unapologetically equated with a belligerent politics of hostility to migrants. That is
to say, whether explicitly racist or not, these ‘neo’-nationalisms are overtly and
unabashedly exclusionary. Hence, the generic fi gures of ‘immigration’ and the diffuse politics of ‘foreignness’ suffi ce to reanimate race in terms that commonly, and
perhaps increasingly, are articulated as nation: in terms of the ‘national’ identity of
the ‘natives’ (De Genova 2005 , 2013 : 56–94). The national question has thus reasserted itself in Europe today in the form of a variety of profoundly racialized projects from which there is of course no immunity for the native-born European
children and grandchildren of the migrants, who commonly remain permanently
inscribed as being ‘of migrant background’ or indefi nitely categorized (in some
instances, offi cially, juridically) as (non-citizen) ‘foreigners’.
In spite of their ostensibly nationalist militant particularisms, each of these nativist movements from one country to the next is remarkably similar to all the others.
Perhaps most revealingly, then, among the various nationally identifi ed offshoots of
the English Defence League there has subsequently also arisen the European
Defence League. Likewise, the rapid emergence in late 2014 of a neo-Nazi/nationalist anti-immigrant movement in Germany, defi ned specifi cally by its antiMuslim racism , has very tellingly designated itself to be a movement of ‘Patriotic
N. De Genova
Europeans ’. Thus, we must be alert to the emergence of new forms of expressly
‘European’ conviviality, particularly as these may articulate aversion or antagonism
to (non-European) migrants.
22.4 Rumours of War, Premonitions of Death
One rather dramatic manifestation of these new formations of ‘European’ identity is
evidenced by the ideological framework that motivated Anders Breivik’s bloodbath
in Norway, in which a far- right nationalist project of racial whiteness, castigating
‘ multiculturalism ’ and principally targeting white Norwegians in a fury of racial
‘sanitation’, explicitly upheld its specifi cally anti- Muslim racism by emphatically
affi rming a renewed devotion to an image of pan-European community , albeit one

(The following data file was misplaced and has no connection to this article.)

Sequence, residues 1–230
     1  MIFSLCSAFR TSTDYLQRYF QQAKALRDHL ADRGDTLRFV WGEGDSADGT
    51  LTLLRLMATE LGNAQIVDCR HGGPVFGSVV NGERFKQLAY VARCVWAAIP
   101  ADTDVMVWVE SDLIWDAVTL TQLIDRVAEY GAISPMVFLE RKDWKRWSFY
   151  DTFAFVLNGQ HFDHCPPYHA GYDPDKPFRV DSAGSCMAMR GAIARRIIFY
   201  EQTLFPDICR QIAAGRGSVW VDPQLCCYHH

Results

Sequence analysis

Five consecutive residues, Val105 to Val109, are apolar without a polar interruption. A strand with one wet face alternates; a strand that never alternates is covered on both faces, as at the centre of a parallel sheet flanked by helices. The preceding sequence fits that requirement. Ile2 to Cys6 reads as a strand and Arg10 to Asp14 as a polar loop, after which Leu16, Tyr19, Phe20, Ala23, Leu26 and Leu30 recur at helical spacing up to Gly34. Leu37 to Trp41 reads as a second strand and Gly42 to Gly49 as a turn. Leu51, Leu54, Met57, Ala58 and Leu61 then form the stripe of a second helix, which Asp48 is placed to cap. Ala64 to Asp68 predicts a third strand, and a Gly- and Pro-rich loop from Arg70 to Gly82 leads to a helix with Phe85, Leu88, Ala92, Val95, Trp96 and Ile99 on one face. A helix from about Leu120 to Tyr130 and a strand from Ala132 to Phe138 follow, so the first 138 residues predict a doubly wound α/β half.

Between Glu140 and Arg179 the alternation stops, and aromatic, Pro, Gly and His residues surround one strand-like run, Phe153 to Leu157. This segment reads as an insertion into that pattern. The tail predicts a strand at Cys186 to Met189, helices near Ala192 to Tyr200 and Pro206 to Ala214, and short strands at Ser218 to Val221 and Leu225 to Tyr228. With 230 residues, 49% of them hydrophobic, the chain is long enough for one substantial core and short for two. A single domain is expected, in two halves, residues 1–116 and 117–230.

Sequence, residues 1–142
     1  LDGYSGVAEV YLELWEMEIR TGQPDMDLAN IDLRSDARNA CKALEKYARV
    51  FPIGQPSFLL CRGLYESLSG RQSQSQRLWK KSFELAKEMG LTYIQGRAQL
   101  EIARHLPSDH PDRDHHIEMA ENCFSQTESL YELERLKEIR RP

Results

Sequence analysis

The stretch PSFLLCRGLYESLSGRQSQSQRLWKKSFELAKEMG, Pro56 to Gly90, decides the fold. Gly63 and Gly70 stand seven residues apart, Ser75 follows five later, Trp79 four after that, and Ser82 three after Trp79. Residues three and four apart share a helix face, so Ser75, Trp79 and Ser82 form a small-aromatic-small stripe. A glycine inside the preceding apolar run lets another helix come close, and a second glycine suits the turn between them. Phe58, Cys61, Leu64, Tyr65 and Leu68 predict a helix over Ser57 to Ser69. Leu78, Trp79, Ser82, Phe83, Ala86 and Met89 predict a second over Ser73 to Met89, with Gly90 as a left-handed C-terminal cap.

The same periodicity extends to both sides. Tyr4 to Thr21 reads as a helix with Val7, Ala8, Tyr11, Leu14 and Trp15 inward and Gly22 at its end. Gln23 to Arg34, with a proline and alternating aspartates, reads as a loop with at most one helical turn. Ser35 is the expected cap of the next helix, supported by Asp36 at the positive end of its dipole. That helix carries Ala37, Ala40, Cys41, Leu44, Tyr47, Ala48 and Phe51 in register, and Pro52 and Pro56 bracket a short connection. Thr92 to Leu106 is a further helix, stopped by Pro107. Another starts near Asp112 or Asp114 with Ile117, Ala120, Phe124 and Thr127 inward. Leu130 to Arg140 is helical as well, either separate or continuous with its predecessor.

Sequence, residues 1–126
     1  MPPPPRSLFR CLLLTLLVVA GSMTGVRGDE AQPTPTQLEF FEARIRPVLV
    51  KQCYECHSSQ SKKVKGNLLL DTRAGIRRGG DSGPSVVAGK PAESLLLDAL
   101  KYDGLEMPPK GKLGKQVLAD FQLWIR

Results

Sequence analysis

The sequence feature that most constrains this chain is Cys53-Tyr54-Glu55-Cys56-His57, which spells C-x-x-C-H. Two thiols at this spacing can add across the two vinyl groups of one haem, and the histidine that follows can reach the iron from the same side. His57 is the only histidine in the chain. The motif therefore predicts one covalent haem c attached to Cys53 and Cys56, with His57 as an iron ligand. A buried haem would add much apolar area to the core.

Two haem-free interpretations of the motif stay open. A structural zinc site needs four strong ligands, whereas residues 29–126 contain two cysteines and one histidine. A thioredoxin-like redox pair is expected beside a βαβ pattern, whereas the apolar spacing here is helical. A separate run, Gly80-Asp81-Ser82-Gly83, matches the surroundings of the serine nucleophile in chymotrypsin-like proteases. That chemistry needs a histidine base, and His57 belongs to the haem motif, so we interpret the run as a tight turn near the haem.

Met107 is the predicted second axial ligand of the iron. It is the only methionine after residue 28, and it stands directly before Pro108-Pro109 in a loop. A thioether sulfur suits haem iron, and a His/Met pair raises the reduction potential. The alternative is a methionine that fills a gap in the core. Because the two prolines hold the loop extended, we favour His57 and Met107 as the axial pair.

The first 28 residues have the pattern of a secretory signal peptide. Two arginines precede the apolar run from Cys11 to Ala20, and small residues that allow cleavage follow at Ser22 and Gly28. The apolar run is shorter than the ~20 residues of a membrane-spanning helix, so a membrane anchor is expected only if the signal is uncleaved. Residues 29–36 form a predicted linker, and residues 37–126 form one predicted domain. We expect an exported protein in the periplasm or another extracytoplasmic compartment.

associated with the pre-modern notion of Christendom. In these ways, and despite
its apparent recourse to a kind of neo-medievalism, the historical specifi city of the
present crisis is clearly distinguished also by its enunciation within the now routinized ideological rubric of the so-called Global War on Terror, protracted warfare and
neo-colonial military occupations in predominantly Muslim countries, and the dramatic escalation of securitization generally. It is indisputable that Muslim migrants
in particular have borne an inordinate burden of suspicion and hostility in Europe
during recent years (see also Chap. 18, in this volume).
Regardless of ‘antiterrorist’ pretexts and pretences, however, these security state
measures fi gure migration in general as a principal target (De Genova 2007 ). Indeed,
the apparently more generic derision toward ‘foreigners’ often tends to do the work
of one variety of specifi cally anti- Muslim racism . However, it is also the case that
the very category ‘Muslim’ tends to be confl ated with a whole racialized class
constellation. Hence, Houria Bouteldja, spokesperson for the Parti des Indigènes de
la République in France, unpacks the contemporary ‘Muslim question’ in Europe:
I would even say that ‘ Muslim ’ also denotes ‘resident of a poor neighbourhood’. It is sometimes a euphemism for ‘banlieue’. Its meaning is pejorative […]. In France, Islam is above
all a religion of the poor and of immigrants […]. The white European identity that dominated the world for 500 years is in decline. The voices—often hysterical—raised in the
media against Islam fundamentally express a fear of this decline […]. Whites are losing
their historical centrality […] and they see all these non-whites, wrongly identifi ed with
Islam, as a threat to their identity (Bouteldja 2012a ).
Thus, it becomes ever more evident that the European question, particularly in
the form of a question regarding the crisis of European prestige and prosperity,
entails a persistent confl ation of migration, race, and ‘ Muslim ’ identity as relatively
fl oating signifi ers for the intrinsically contradictory mediation of the contemporary,
protracted post-colonial agony.
It is noteworthy here that the ideological short circuit that affi liates ‘the Muslim ’
with migration (and hence, ‘foreign’-ness) is in no sense coincidental. As Gil
Anidjar argues persuasively, ‘the Jewish question’ and ‘the Muslim question’ were
always co-constituted, but notably were construed to signal fi gures of alterity that
22 The ‘European’ Question: Migration, Race, and Post-Coloniality in ‘Europe’
were presumed to be respectively ‘internal’ and ‘external’ to Europe, the former as
a ‘theological’ enemy, the latter as a ‘political’ one (Anidjar 2012 : 22–23). In effect,
we can add that the ‘internal’ menace was fi gured as a corrosive one, whereas the